It had to happen, didn’t it? After the railway workers, the train drivers, the nurses, the ambulance crews, the civil servants, and in all likelihood the junior doctors, here come the teachers – although not quite as enthusiastically as their union leaders might have wished.
The National Education Union, representing 300,000 teaching staff has announced strikes through February and March, in pursuit of an above-inflation pay rise, saying that the 5 per cent offered amounts to a pay cut, given the double-digit inflation rate. Teachers are now set to join their Scottish colleagues, who have begun a series of ‘rolling strikes’.
The planned strikes will not involve all teachers, after the other main teaching union, the NASUWT, last week failed to muster the 50 per cent turnout necessary to validate industrial action. Union leaders suggested difficulties with the post (ironically, given that these stemmed from strikes in Royal Mail), among other factors, could have complicated voting. Turnout, at only 52 per cent in England, nearly scuppered the NEU vote, too, although those who did vote were overwhelmingly in favour of striking. The results suggest nonetheless that many teachers were in two minds about the wisdom of striking – and with good reason.
The NASUWT’s proposed 12 per cent (‘fully funded’ – i.e. not from school budgets) pay claim is almost as fantastical as the 19 per cent claim of the RCN on behalf of nurses (of which we have recently been hearing noticeably less). Although pay for many teachers has risen quite substantially in recent years, the unions argue that since 2010 they have suffered a ‘real terms pay cut’ of almost a quarter.
Let’s dispose of the ‘real terms pay cut’ at the start. Soaring inflation means that pretty much everyone – public sector, private sector, and especially those on fixed incomes – has suffered a ‘real terms pay cut’. This hasn’t stopped individual unions presenting their claims in the current strike season as though the public sector, and their particular bit of it, is uniquely affected.
It is beyond time that those in the private sector who have had either a sub-inflation pay increase or no increase at all called the public sector’s bluff. And not only that, but demanded that the vastly superior job security, pensions and other benefits enjoyed by public sector staff are factored in to the presentation of pay.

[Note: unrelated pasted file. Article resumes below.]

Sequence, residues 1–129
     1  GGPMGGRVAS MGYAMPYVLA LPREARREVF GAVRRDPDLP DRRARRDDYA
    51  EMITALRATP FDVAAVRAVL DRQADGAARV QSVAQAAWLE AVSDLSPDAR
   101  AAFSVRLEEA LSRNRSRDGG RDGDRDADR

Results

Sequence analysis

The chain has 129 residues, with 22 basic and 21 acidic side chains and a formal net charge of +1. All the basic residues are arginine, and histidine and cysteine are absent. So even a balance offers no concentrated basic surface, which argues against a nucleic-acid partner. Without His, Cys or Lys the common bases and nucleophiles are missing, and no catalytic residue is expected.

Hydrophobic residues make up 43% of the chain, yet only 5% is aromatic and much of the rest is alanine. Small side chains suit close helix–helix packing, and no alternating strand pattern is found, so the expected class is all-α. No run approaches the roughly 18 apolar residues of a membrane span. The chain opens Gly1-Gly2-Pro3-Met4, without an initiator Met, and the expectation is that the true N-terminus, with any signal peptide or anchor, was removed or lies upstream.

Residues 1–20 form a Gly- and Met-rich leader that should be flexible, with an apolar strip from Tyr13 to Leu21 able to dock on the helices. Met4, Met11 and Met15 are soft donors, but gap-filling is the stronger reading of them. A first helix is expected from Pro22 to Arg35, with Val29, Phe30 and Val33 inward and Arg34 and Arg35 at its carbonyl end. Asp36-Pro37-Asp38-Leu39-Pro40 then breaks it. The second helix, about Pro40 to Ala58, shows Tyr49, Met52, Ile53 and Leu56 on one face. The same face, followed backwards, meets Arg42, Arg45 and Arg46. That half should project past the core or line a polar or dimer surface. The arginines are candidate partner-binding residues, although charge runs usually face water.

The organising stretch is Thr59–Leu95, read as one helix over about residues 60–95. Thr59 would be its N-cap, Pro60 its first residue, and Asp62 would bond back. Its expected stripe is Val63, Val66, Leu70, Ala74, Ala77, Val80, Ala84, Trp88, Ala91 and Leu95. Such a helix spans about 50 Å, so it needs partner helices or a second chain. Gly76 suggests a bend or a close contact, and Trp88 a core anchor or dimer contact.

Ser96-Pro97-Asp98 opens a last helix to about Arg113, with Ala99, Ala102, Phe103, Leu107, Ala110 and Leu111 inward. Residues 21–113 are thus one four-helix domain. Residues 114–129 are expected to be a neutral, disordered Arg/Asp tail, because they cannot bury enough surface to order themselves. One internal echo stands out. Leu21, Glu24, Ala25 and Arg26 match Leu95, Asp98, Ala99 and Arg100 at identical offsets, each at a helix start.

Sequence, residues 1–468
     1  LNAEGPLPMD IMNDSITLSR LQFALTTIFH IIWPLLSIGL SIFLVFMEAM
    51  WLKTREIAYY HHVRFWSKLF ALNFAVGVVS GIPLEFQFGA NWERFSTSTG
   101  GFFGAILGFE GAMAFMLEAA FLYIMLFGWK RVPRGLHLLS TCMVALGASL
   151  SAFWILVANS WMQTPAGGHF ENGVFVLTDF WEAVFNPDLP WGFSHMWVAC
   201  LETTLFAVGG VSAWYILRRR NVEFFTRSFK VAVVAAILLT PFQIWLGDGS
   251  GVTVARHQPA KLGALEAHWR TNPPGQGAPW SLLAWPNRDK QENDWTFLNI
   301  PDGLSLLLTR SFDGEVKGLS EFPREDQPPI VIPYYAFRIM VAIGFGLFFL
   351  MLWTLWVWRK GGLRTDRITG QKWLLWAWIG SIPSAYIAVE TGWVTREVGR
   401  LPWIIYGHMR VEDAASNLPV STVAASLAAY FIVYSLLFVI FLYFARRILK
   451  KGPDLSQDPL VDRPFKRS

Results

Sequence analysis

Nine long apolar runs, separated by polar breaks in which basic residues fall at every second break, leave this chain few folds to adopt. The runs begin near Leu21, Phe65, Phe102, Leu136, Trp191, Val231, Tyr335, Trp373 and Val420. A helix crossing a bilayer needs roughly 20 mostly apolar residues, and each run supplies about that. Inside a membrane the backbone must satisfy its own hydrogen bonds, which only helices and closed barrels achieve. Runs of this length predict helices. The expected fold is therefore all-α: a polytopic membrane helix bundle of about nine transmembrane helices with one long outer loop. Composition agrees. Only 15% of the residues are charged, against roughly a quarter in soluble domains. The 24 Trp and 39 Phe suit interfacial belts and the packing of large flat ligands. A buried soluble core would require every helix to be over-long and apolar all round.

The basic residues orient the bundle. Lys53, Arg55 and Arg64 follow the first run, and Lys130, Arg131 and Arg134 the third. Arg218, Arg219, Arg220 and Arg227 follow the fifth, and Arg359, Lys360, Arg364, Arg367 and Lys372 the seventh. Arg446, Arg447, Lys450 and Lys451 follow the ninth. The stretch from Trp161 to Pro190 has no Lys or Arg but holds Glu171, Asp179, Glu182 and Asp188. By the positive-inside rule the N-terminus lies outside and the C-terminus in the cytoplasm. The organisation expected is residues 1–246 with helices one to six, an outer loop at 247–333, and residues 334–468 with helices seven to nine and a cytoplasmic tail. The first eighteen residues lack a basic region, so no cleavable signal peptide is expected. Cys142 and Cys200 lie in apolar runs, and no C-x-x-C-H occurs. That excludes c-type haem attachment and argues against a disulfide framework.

As for the supposed ‘real terms’ fall in teachers’ pay since 2010, all sides pick and choose their time scales to bolster their case. The Education Secretary, Gillian Keegan, caught some flak when she insisted that teachers were not badly paid, pointing out that in some parts of the country teachers are among the top 10 per cent of earners. Starting salaries are around £28,000, rising to £34,000 in London, which is more than the UK average pay. Teachers also benefit from clearly defined career paths with rapid progression.
It might be invidious to mention the banker-level salaries awarded to so-called ‘super-heads’ – a product of the dubious practice of grouping schools – or the university Vice-Chancellors who increasingly fancy themselves as global CEOs, with salaries to match. But it could be argued that in schools, as in higher education, these exceptional salaries at the top have helped to fuel mutinous attitudes in the ranks.
Parents will rightly groan at the prospect of a return to home-schooling and Zoom lessons (or no lessons at all). So will employers, who stand to lose staff to child-minding duties. A teachers’ strike does not just close the schools, it has knock-on effects on the whole economy. It also widens the gap, perceived and real, between the state sector and the public schools.